SAFER Bay Planning Project
Cities of East Palo Alto, Menlo Park, and Palo Alto, San Mateo County; Measure AA Region: West Bay
Planning, Design, and CEQA Documentation
Safe, Clean Water and Pollution Prevention Program; Vital Fish, Bird and Wildlife Habitat Program; Integrated Flood Protection Program; Shoreline Public Access Program.
State Coastal Conservancy
U.S. Fish and Wildlife Service
In February 2023, the Governing Board of the Restoration Authority authorized a grant of up to $3,980,000 to augment the $1,000,000 authorized for the project on June 24, 2022 the San Francisquito Creek Joint Powers Authority (SFCJPA) to conduct planning, perform data collection and analysis, develop design plans, and prepare program-level and project-level California Environmental Quality Act (CEQA) documentation for the Strategy to Advance Flood Protection, Ecosystems and Recreation along San Francisco Bay (SAFER Bay) Project in San Mateo County. The initial grant was an amount substantially less than that requested by the SFCJPA . Staff recommended a smaller amount because Authority funding was limited and the project was identified as being a strong candidate for other sources of funding based on its proposed flood protection benefits. The SFCJPA reapplied to the Authority for additional funding in grant round 6 and is now being recommended for almost full funding because of significant project benefits, the availability of more funding, and in consideration of the need to balance funding for projects between the four regions of the Bay.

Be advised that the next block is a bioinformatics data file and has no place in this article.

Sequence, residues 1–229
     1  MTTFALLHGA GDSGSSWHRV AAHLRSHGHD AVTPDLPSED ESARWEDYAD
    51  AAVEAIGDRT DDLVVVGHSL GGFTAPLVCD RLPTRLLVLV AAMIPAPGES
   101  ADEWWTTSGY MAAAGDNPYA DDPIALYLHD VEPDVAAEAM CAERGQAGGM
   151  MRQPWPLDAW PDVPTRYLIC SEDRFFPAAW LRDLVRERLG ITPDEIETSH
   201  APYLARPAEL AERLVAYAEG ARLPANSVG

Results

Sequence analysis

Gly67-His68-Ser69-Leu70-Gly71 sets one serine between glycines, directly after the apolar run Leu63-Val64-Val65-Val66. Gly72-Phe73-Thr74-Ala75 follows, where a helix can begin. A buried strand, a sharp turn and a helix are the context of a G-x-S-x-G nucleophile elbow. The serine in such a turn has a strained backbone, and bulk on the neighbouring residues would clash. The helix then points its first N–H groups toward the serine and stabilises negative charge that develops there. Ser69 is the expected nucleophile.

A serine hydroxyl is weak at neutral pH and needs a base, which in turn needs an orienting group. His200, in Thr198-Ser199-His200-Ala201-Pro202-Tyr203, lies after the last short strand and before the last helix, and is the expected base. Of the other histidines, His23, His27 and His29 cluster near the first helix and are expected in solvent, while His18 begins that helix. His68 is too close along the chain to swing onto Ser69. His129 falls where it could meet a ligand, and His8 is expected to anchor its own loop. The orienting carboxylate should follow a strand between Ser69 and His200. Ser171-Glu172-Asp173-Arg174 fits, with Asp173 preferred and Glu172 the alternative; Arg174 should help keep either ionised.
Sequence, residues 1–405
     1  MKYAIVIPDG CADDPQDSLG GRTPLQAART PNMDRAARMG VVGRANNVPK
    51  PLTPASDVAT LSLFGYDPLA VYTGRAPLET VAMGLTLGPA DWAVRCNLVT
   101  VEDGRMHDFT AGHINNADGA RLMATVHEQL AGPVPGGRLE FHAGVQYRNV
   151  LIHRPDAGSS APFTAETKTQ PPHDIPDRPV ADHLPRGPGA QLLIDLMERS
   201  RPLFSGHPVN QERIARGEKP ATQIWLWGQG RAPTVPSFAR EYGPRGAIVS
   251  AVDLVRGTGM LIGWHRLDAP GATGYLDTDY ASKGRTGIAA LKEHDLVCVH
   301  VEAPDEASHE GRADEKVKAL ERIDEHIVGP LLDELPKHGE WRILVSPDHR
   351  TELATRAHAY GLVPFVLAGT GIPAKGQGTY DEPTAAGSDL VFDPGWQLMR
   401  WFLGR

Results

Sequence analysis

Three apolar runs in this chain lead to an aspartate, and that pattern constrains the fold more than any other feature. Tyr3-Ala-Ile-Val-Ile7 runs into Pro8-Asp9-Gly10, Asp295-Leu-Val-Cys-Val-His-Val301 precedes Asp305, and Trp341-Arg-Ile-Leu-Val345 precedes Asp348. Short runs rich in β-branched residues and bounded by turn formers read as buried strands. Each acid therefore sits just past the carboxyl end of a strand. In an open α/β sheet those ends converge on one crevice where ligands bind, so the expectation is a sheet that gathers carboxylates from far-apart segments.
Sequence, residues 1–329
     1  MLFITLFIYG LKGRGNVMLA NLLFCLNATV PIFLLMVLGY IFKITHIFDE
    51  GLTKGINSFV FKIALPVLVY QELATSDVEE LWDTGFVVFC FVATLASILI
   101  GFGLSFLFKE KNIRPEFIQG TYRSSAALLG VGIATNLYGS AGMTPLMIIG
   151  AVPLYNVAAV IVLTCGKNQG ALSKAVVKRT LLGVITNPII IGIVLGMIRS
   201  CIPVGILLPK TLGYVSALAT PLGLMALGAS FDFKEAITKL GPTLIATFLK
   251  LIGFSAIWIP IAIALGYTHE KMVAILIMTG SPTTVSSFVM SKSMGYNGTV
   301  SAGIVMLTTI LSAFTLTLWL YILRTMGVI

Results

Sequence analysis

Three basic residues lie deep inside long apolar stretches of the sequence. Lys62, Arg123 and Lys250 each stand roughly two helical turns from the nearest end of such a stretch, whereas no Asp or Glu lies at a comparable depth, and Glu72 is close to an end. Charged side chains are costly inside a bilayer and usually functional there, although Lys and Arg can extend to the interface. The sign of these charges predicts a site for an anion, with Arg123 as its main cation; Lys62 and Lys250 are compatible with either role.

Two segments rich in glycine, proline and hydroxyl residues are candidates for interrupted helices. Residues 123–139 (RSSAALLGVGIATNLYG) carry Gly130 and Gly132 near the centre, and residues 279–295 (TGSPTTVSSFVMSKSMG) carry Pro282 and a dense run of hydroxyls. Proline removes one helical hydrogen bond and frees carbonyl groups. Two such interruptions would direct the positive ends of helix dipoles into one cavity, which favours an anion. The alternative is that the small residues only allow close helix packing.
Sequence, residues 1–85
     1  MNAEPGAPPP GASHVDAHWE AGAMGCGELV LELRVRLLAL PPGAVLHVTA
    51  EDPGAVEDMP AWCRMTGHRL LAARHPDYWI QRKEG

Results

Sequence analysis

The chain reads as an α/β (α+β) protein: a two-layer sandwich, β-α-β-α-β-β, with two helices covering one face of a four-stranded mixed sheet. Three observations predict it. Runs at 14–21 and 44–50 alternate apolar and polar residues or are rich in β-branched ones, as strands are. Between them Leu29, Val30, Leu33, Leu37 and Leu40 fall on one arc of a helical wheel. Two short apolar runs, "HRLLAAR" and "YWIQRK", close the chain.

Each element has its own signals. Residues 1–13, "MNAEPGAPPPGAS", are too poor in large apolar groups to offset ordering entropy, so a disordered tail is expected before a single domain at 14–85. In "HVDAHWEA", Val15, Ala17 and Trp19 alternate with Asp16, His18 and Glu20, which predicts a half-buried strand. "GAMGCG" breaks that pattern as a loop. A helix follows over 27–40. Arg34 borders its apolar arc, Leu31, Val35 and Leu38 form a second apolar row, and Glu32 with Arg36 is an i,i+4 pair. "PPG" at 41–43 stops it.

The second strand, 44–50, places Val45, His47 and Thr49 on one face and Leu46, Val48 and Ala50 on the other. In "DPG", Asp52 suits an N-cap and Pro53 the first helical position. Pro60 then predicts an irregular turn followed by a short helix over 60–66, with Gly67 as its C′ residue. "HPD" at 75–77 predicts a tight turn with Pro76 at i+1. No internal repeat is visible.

The SAFER Bay Planning Project will lead to coastal flood protection for communities in East Palo Alto and Menlo Park as well as restored tidal wetland habitat and improved recreational opportunities along seven miles of the San Francisco Bay shoreline in San Mateo County. Currently, areas within East Palo Alto and Menlo Park are exposed to coastal flooding from San Francisco Bay which is predicted to worsen with sea level rise. The project will design flood protection elements to current Federal Emergency Management Agency (FEMA) coastal flood protection standards plus an additional 3.5 feet of tidal elevation to account for anticipated sea level rise.
The project will integrate traditional flood protection with the restoration and enhancement of more than 550 acres of wetlands to create a more resilient and biologically diverse shoreline environment.